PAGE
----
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How Health Experts Stay Healthy When They Travel

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Follow the advice of these pros for a healthy, happy trip.

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Between the work of packing and the stress of going through TSA, it’s understandable that you may want to reach for food that’s easy, comforting, and not the healthiest by the time you’re at the airport. And once you actually get to your destination, you’re officially out of your routine—meaning all bets are off. There’s no way to cook healthy meals, you’re miles away from your favorite Pilates studio, and the jetlag leaves you feeling tired and moody. But there are ways to set yourself for a happy, healthy trip with these tricks from the pros.

Give Yourself a Break

Counteract the effects of little to no legroom on the plane or train with a little R&R for both mind and body. “After a long, stressful day of travel, particularly across time zones, it’s easy to see why many of us have such a difficult time shutting our minds off and falling asleep,” says Tieraona Low Dog, MD, the chief medical officer of Well & Being Spas. “After checking in to your hotel, try to hit the sauna or steam room, if there is one, for just 20 minutes, as it’s a great way to calm any anxiety post-flight.” If that’s not feasible, take a hot shower instead. It’ll make you feel refreshed after being on the road.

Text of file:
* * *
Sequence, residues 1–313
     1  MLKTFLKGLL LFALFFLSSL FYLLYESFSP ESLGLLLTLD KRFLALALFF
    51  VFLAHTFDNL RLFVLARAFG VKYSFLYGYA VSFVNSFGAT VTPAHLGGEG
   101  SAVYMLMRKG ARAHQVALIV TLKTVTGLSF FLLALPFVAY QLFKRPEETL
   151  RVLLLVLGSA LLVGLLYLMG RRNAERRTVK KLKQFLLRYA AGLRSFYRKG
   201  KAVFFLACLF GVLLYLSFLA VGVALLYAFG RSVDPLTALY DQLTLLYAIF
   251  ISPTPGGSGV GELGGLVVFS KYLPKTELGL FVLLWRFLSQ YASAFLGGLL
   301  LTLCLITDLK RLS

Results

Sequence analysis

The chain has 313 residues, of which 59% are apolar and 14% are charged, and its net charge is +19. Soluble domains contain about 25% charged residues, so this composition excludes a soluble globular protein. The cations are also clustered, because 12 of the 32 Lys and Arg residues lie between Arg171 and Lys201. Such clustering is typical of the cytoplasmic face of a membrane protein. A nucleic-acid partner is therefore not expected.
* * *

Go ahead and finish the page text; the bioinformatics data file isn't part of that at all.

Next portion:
Stay Active

For an on-the-go workout, few things beat a set of exercise bands. Not only are they easy to squeeze into a suitcase, but they can also be a challenging workout even for regular gym-goers. “A full-body workout could be band chest presses, rows, band biceps curls, band lateral shoulder raises, bodyweight bench dips, bodyweight lunges, and planks,” says Craig Cristello, exercise physiologist at Well & Being at the Fairmont Scottsdale Princess. No bands? No problem. Do your sightseeing on foot or tour a town by bike instead of bus. “A little bit of exercise on the road will help you get back into the swing of things when you’re home.”

Drink Up

And we don’t mean a glass of red at the hotel bar. Instead, opt for water. “It’s an easy thing to forget about when you’re distracted by all the fun and excitement of traveling,” says Caty Nolan, a certified personal trainer and founder of Fit Positively. “Staying hydrated will help keep sickness at bay, because water carries nutrients to cells and carries waste products away.” Pack your favorite water bottle to make it easier to remember.

Keep It Moving

Anyone who’s ever stepped foot on a plane knows that traveling can cause digestive issues. That’s why nutritionist and yoga teacher Keri Gans, RD, tweaks her diet when she’s on the road. “I eat plenty of high-fiber foods whenever available, such as veggies, beans, whole grains, and fruit,” she explains. “It could be as simple as starting my morning with oatmeal or eggs with whole grain toast, grabbing some fruit for dessert with lunch, and starting a dinner out with a salad or requesting a side of veggies.” They’re small changes but can have a big impact on how you feel.

Find other great health and wellness stories at MarthaStewart.com/Strive.